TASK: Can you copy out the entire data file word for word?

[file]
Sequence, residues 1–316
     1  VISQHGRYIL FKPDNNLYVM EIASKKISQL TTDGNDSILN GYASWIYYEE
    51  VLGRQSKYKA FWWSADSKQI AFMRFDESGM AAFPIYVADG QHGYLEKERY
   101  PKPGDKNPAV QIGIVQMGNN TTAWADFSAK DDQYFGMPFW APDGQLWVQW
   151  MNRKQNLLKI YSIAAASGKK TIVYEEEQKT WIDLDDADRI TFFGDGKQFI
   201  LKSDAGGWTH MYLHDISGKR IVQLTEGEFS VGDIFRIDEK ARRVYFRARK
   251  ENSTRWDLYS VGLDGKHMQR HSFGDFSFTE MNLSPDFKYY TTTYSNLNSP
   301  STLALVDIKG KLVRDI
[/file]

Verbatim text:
Sequence, residues 1–316
     1  VISQHGRYIL FKPDNNLYVM EIASKKISQL TTDGNDSILN GYASWIYYEE
    51  VLGRQSKYKA FWWSADSKQI AFMRFDESGM AAFPIYVADG QHGYLEKERY
   101  PKPGDKNPAV QIGIVQMGNN TTAWADFSAK DDQYFGMPFW APDGQLWVQW
   151  MNRKQNLLKI YSIAAASGKK TIVYEEEQKT WIDLDDADRI TFFGDGKQFI
   201  LKSDAGGWTH MYLHDISGKR IVQLTEGEFS VGDIFRIDEK ARRVYFRARK
   251  ENSTRWDLYS VGLDGKHMQR HSFGDFSFTE MNLSPDFKYY TTTYSNLNSP
   301  STLALVDIKG KLVRDI